At some point after the 2010 trip, a local caretaker reassembled both the AquaSun Villager S3-4 water treatment system (Image 1) and the Sun-Mar EXCEL NE composting toilet (Image 2), and has been maintaining the two systems without proper training.
Image 1: The AquaSun Villager S3-4 water treatment system
Image 2: The Sun-Mar EXCEL NE composting toilet
The pre-clinic staff and the community rely on the systems for wastewater treatment and potable water. The composting toilet remains fully functional; however, there are a few issues with the water treatment system.
The water treatment system draws untreated water from a 150-gallon storage tank, which is located on a platform built right below the clinic floor (Image 3). A recently installed supply pipe going up to the pre-clinic has been connected to a pipe leading up to the storage tank. However, there is insufficient pressure in the pipe to reliably carry water the entire 16 foot vertical distance to the storage tank. Instead, water is taken from a hose above ground, (Image 4) which is connected to another municipal supply outlet farther away. The hose is plugged with a piece of wood when not in use (Image 5). The current caretaker, Teofilo, hires workers to help him carry buckets of water from the hose up to the storage tank. One trip between the hose and the storage tank is approximately 20 meters, and includes climbing up the stairs of the pre-clinic. Two people must make this trip around 40 times with buckets of water in order to fill up the storage tank. Given the rate of water usage in the pre-clinic, the storage tank is refilled about once every two days.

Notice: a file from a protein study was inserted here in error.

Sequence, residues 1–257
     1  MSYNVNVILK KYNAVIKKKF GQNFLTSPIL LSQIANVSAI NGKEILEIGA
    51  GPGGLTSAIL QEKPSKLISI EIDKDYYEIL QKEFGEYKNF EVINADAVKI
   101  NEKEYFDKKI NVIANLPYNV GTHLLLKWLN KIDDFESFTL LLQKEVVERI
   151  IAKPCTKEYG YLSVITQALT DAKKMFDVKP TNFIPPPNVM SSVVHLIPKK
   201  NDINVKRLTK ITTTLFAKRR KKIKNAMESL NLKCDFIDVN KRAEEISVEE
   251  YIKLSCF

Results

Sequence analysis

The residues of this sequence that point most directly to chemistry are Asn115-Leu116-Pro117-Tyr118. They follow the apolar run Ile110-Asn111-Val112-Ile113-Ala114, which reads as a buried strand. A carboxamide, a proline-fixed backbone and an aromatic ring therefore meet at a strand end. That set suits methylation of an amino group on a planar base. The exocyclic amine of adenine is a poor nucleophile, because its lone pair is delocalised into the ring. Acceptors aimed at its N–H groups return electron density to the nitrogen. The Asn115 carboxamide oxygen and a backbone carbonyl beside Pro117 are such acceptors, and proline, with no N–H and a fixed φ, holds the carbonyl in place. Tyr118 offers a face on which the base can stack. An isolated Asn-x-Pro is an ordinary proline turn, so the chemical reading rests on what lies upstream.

Image 3: The water storage tank
Image 4 Water outlet, from where the caretaker draws water
Image 5: The end of the hose, plugged with a piece of wood
The AquaSun Villager S3-4 water treatment system has been disconnected from the solar array and instead connected to the local municipal power grid. The municipal power supply operates reliably 24 hours a day, and costs the pre-clinic around $10 to $15 a month. The solar power supply was destroyed due to a weather event and the solar battery was submerged under water.
See our recent blog post for info on how you can help us remedy these issues!
- EWB-NY Belen